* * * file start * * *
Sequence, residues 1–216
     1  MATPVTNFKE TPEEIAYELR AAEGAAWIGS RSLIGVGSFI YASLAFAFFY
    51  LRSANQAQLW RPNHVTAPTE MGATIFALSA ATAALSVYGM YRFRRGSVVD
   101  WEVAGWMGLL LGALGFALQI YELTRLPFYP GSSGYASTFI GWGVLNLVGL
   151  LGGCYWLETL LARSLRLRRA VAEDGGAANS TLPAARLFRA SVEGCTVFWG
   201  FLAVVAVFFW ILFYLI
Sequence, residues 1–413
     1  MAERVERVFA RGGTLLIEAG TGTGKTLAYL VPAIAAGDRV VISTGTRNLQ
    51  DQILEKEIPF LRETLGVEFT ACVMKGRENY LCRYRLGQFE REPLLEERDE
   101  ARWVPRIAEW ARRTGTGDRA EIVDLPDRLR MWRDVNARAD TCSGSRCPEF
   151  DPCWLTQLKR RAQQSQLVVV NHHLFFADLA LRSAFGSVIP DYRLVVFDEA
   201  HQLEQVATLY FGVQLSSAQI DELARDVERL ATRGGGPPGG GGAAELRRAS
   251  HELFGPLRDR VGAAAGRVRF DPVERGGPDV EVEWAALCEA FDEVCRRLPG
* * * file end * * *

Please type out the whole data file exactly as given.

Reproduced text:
Sequence, residues 1–216
     1  MATPVTNFKE TPEEIAYELR AAEGAAWIGS RSLIGVGSFI YASLAFAFFY
    51  LRSANQAQLW RPNHVTAPTE MGATIFALSA ATAALSVYGM YRFRRGSVVD
   101  WEVAGWMGLL LGALGFALQI YELTRLPFYP GSSGYASTFI GWGVLNLVGL
   151  LGGCYWLETL LARSLRLRRA VAEDGGAANS TLPAARLFRA SVEGCTVFWG
   201  FLAVVAVFFW ILFYLI
Sequence, residues 1–413
     1  MAERVERVFA RGGTLLIEAG TGTGKTLAYL VPAIAAGDRV VISTGTRNLQ
    51  DQILEKEIPF LRETLGVEFT ACVMKGRENY LCRYRLGQFE REPLLEERDE
   101  ARWVPRIAEW ARRTGTGDRA EIVDLPDRLR MWRDVNARAD TCSGSRCPEF
   151  DPCWLTQLKR RAQQSQLVVV NHHLFFADLA LRSAFGSVIP DYRLVVFDEA
   201  HQLEQVATLY FGVQLSSAQI DELARDVERL ATRGGGPPGG GGAAELRRAS
   251  HELFGPLRDR VGAAAGRVRF DPVERGGPDV EVEWAALCEA FDEVCRRLPG